These are the hardened steel gears which change the direction of force. The handle's axle is supported by two bushings indicated by the yellow arrows. The third bushing (red arrow) is molded into the gear case cover and supports the gear's shaft that eventually delivers the force to drive the inner burr. The handle looks small but was easy to grip, and it is made of hardwood. It is held in place by a socket-head screw. Which attaches it to the metal handle. The upper housing it made of plastic, but so well done you will think it is metal.
    The top locks to the bean hopper by giving it a quarter turn counter-clockwise.  

    This is the stainless steel axle that drives the inner burr along with the lower support for that shaft. The third bushing is evident in the support. It locates the shaft approximately 1" above the inner burr. The shaft floats vertically, loaded by the compression spring seen here. It keep the burr extended to maintain the chosen grind setting while in use. The black tri-spoke support is what is raised and lowered by the mechanism which in turn raises or lowers the axle for the grind adjustment. There are fifteen "steps" from which to select.
    The black washer is a thrust washer which also regulates the setting for the finest adjustment. The Hand Ground grinder comes with two spare, thin metal washers so that the finest possible setting (the "zero point") can be adjusted. On their website you can find a video showing how to disassemble the adjustment portion of the grinder and calibrate for the zero point.
    The three socket head screws seen around the outside of the inner burr are removed to change the burrs or to make the zero-point adjustment. A hex key is included to access those parts.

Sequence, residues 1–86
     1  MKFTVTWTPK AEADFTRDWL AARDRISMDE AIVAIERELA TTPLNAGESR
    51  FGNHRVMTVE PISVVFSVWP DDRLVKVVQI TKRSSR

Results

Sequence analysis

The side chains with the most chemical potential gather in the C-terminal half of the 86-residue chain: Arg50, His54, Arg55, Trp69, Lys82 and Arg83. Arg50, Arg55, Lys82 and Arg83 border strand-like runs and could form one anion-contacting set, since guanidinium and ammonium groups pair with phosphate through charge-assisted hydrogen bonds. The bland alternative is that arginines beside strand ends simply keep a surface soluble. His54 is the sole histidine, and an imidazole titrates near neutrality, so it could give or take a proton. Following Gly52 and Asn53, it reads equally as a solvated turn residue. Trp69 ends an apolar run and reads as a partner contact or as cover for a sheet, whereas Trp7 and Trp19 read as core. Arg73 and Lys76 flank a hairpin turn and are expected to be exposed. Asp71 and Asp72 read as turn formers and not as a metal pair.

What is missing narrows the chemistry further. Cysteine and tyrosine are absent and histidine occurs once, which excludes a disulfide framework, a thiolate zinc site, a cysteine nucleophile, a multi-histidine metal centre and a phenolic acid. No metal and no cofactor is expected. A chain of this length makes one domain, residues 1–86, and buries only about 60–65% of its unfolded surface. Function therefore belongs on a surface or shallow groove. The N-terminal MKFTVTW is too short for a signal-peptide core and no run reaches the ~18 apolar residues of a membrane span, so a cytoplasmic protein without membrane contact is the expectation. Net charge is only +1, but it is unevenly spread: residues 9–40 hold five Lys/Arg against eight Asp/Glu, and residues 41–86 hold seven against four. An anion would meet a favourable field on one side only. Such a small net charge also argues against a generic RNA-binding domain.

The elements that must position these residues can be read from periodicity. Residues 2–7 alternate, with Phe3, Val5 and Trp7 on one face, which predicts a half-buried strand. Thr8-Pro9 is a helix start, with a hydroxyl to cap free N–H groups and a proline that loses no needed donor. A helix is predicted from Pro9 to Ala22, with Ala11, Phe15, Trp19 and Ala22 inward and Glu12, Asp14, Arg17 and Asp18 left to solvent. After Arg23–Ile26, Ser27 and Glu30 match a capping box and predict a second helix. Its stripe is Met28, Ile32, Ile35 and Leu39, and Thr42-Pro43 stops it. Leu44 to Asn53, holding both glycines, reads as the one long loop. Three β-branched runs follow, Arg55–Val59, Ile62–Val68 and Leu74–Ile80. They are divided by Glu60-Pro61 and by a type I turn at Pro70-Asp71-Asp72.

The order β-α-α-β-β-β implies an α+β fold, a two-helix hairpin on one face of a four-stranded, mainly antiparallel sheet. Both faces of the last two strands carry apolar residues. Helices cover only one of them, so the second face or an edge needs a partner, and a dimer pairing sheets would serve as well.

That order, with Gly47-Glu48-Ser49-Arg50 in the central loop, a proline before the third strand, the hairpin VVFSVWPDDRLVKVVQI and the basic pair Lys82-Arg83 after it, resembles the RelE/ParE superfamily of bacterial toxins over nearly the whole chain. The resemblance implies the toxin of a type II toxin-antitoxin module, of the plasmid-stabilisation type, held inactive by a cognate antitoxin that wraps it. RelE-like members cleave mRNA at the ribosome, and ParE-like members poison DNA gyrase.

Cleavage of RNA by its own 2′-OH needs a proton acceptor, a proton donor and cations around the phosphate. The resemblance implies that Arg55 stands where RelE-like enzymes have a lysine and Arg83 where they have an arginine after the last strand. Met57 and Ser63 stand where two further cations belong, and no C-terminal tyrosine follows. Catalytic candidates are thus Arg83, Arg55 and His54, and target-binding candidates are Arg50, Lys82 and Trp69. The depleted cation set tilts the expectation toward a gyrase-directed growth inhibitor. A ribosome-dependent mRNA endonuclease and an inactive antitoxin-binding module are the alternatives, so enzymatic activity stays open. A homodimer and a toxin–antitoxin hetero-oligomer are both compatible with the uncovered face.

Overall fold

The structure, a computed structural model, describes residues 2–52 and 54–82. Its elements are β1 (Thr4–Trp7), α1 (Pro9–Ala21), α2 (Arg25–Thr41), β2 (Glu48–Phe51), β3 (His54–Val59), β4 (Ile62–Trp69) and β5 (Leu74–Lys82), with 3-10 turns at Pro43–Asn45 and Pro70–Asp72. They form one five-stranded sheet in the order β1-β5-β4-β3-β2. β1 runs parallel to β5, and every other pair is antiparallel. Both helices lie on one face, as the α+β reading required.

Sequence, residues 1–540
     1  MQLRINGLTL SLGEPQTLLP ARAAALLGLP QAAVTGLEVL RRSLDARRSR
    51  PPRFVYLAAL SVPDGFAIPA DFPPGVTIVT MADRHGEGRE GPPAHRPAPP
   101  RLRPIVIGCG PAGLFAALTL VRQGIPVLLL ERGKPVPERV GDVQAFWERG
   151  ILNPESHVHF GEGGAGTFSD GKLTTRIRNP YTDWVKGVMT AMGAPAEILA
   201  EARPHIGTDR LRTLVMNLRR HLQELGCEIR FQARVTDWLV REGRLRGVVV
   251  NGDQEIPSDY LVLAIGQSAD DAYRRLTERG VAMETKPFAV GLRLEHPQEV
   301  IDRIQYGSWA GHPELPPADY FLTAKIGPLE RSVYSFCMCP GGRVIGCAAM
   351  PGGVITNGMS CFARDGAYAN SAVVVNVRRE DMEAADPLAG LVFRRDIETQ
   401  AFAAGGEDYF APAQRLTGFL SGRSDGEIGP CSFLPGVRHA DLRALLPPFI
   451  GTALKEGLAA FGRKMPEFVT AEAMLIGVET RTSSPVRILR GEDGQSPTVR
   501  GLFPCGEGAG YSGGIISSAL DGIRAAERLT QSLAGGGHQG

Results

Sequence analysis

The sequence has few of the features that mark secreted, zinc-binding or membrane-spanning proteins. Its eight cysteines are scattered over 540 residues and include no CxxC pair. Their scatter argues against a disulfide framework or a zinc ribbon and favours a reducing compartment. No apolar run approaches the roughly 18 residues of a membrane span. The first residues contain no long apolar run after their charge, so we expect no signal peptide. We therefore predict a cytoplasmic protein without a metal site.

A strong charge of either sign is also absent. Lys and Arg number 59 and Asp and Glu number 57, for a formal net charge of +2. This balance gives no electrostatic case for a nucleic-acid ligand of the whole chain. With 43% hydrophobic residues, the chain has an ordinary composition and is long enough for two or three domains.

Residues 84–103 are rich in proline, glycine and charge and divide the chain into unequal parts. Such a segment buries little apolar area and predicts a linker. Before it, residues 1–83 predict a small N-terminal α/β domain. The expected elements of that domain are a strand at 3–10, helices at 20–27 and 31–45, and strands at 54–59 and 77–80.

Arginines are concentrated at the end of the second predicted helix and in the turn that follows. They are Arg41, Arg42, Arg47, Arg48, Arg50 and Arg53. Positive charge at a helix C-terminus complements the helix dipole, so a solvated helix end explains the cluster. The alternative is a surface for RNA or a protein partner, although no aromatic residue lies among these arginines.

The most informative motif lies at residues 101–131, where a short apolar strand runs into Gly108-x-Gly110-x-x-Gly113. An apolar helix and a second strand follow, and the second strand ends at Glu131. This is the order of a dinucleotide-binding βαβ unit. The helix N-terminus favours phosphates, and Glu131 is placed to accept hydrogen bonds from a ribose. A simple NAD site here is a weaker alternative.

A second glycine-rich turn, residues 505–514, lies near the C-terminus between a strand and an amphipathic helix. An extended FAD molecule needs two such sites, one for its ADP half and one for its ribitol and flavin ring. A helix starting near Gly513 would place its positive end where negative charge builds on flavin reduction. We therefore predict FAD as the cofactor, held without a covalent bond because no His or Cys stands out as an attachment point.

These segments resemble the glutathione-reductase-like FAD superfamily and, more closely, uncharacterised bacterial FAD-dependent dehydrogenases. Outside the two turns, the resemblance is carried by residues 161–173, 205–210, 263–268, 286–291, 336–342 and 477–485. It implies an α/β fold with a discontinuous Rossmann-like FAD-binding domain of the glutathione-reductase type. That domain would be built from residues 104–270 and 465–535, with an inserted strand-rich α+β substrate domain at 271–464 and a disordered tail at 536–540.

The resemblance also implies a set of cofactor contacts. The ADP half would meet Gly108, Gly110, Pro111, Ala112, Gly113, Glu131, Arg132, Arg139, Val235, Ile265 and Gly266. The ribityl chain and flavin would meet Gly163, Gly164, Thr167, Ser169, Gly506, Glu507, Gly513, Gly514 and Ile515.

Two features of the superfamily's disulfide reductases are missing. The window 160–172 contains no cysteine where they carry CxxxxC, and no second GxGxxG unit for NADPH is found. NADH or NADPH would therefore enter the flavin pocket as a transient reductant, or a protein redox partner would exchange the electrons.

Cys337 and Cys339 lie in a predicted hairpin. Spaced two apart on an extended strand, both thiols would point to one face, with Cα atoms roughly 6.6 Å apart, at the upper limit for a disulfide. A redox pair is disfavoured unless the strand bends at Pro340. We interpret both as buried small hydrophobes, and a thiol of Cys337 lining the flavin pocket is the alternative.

grind adjust

    The part seen here is one half of the adjustment mechanism at the bottom of the hopper. This is normally hidden except when disassembling as shown in the video linked above. Note the difference in height of the two indicated areas.  

    The Handground uses conical, ceramic burrs. The outer diameter of the cutting surface of the inner burr is approximately 33mm. The nut which secures the inner burr to the shaft can be easily removed by hand. Grasping the handle and the body in one hand holds the axle from turning making remove of the nut easy. The inner burr has a plastic bushing through which the axle passes.  
sticky pad

    The catch container is heavy glass. Those who have dealt with the static electricity of plastic catch containers will appreciate that. The majority of the bottom of the catch container is covered with a sticky pad which does a great job in assisting the user In keeping the grinder in place when in use. Pads made of this sort of material are often sold as a mat to hold a phone or GPS unit secure on your dashboard. This is my first encounter with one of these, and it is sticky, indeed! I told my wife to push against the catch jar when the grinder was assembled on our breakfast table and it did not move at all.
    The pad will stick to any relatively smooth surface and does a remarkable job of keeping the grinder still when in use. And just as effectively as it sticks to the table, any debris, such as stray coffee grounds, will stick to the pad as well. The pad can be easily peeled off the jar, washed in soap and water, and replaced on the grinder. Its original adhesive qualities returns. This will be particularly appreciated by folks with pets from the various furry kingdoms.
    The jar has a silicone sealing gasket where it seats against the grinder, and the top mechanism seats very securely against the hopper. While I would not call the grinder airtight, it is close enough to allow beans to be left in the hopper between uses.